I also realize that the "extra" mp allow one to more easily "Crop" their raw image, but that is Not the same as "image Quality" is it?

Mark Galer, who I respect, comments that he Crops his raw images drown to 4K for presentation. The primary use/ benefit of a high MP image is in printing a Very Large poster. How many every do that? I never have.

4K is generally considered 3840 x2160 (8.3 MP), so isn't everything else usually being deleted.

300 ppi is generally considered a high quality image, but doesn't Apple Retina screens usually only reproduce 264 ppi?

How does very high MP cameras produce "better" image quality" than 24mp +???

Thanks for your help

Dave

Do you have aspirations to be published or sell your prints ? If so, what are the resolution requirements ? Do you want the ability to crop and still meet those resolution requirements ?

Seems pretty easy: I guess "better" image has different factors depending on the application.images must be provided with a resolution of at least 300 dpi, or greater, and as a .tiff or .jpg that can be reproduced at 1,650 pixels wide.

I don't need the extra resolution and it sounds like you don't need it either.  But some do or they want some of the other improvements like focusing or video.

SafariBob
SafariBob Senior Member • Posts: 2,590
Re: Image Quality you can see
2

dave92029 wrote:

There are numerous comments from those who own or want a high MP camera ie: a7Riii; A7riv, A1, etc. about how these cameras have "High Image" quality as compared to the new A7iv and all the rest.

I have a 4k monitor, but I don't have the display set to 4K because everything would be too small to read. I realize that even set at a lower resolution the detail is sharper than on a monitor capable of 1080p.

I also realize that the "extra" mp allow one to more easily "Crop" their raw image, but that is Not the same as "image Quality" is it?

Mark Galer, who I respect, comments that he Crops his raw images drown to 4K for presentation. The primary use/ benefit of a high MP image is in printing a Very Large poster. How many every do that? I never have.

4K is generally considered 3840 x2160 (8.3 MP), so isn't everything else usually being deleted.

One computer screen pixel = 3 or 4 camera pixels, so 8.3mp would require 24-32 mp camera to fully resolve. This because each screen pixel is composed of 3 different colours. Each camera pixel is one camera.

in practice people also want to be able to throw away half the image for editing purposes, hence the sweet spot around 40-60mp.

300 ppi is generally considered a high quality image, but doesn't Apple Retina screens usually only reproduce 264 ppi?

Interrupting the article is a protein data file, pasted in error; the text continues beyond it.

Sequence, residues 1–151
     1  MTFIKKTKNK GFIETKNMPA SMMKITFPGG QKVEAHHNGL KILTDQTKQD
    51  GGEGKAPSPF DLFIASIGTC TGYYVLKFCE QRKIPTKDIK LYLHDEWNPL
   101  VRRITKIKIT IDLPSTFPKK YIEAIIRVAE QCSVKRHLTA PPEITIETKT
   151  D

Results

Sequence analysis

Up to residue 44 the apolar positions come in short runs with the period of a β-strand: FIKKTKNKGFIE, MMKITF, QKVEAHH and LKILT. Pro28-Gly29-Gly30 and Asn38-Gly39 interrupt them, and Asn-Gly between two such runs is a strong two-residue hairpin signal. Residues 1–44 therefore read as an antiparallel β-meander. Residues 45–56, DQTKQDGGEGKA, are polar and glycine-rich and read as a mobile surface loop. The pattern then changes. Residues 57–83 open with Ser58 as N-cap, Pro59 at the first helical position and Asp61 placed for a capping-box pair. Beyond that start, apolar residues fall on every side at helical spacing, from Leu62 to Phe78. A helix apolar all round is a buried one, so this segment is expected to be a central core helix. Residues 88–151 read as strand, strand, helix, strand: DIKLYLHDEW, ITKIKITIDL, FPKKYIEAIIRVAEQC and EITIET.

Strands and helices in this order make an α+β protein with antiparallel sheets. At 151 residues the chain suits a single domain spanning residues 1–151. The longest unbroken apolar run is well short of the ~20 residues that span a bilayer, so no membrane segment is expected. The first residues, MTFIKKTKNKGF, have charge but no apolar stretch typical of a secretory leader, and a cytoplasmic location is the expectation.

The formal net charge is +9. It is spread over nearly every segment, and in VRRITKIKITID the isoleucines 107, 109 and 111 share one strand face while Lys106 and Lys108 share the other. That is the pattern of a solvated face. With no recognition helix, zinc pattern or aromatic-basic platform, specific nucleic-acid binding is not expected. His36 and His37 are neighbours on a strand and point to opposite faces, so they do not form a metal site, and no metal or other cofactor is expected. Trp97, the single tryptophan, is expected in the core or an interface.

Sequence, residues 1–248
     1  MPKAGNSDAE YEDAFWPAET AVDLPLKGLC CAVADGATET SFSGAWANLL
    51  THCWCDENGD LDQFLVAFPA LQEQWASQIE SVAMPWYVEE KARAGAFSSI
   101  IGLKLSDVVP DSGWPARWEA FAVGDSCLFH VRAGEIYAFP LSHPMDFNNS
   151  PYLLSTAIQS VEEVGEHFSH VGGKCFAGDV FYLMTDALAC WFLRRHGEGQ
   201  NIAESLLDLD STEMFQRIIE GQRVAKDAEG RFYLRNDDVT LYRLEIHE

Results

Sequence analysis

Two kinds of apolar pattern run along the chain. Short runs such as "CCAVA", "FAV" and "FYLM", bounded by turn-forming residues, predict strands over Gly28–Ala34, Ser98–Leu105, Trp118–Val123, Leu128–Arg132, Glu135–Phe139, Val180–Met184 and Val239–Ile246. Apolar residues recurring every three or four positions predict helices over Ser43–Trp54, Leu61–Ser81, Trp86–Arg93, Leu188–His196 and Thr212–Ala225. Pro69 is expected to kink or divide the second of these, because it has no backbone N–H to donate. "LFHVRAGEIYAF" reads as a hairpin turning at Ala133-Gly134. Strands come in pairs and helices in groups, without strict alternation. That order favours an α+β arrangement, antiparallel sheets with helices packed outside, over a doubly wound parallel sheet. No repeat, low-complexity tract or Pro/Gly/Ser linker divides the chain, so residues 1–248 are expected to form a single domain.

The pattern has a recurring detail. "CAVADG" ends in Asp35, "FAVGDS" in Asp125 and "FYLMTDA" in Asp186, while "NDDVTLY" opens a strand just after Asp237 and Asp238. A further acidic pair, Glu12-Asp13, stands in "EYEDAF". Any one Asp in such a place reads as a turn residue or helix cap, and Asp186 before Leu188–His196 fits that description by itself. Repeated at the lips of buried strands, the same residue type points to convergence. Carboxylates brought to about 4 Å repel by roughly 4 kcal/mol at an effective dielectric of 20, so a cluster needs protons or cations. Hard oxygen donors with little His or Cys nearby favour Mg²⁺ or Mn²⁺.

sure, hence if you want more than about 10 inch print, you really want as much resolution as possible.

How does very high MP cameras produce "better" image quality" than 24mp +???

they provide a margin of safety.

Thanks for your help

Dave

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dwalme Regular Member • Posts: 339
Re: Image Quality you can see
5

dave92029 wrote:

I have a 4k monitor, but I don't have the display set to 4K because everything would be too small to read. I realize that even set at a lower resolution the detail is sharper than on a monitor capable of 1080p.

Your monitor (all of them really) does a poor job scaling lower resolutions to it's panel native resolution.

I would set your operating system display resolution to your monitor's native resolution and use window scaling built-in to your operating system.

If Windows just select 200% scaling in your Display Settings. That will give you approximately the same screen real estate as having 1080p resolution but you will get native resolution capability when viewing images or video.

You can still view your photos at 200% if you choose (which is the same as viewing them at 100% with 1080p screen resolution that you are doing today).

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SNJops
SNJops Regular Member • Posts: 195
Re: Image Quality you can see
4

I own both an A7III and an A7RIV and I can tell the difference. The RIV files have a richness and level of detail to them that the A7III doesn’t have.

Also consider that the lens you use on the RIV really matters as only the very best glass will get the best out of that sensor. One example of this is the 85mm f1.4 GM which I thought was lacking in sharpness  even on my A7iii but that is even moreso on my RIV. It still produces really beautiful images though.

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stateit
stateit Senior Member • Posts: 1,556
Re: Image Quality you can see
1

dave92029 wrote:

...300 ppi is generally considered a high quality image, but doesn't Apple Retina screens usually only reproduce 264 ppi?

You're confusing print resolution ( for example, 300 dpi) and screen resolution (264 ppi, to use your example).

dpi and ppi are very different things.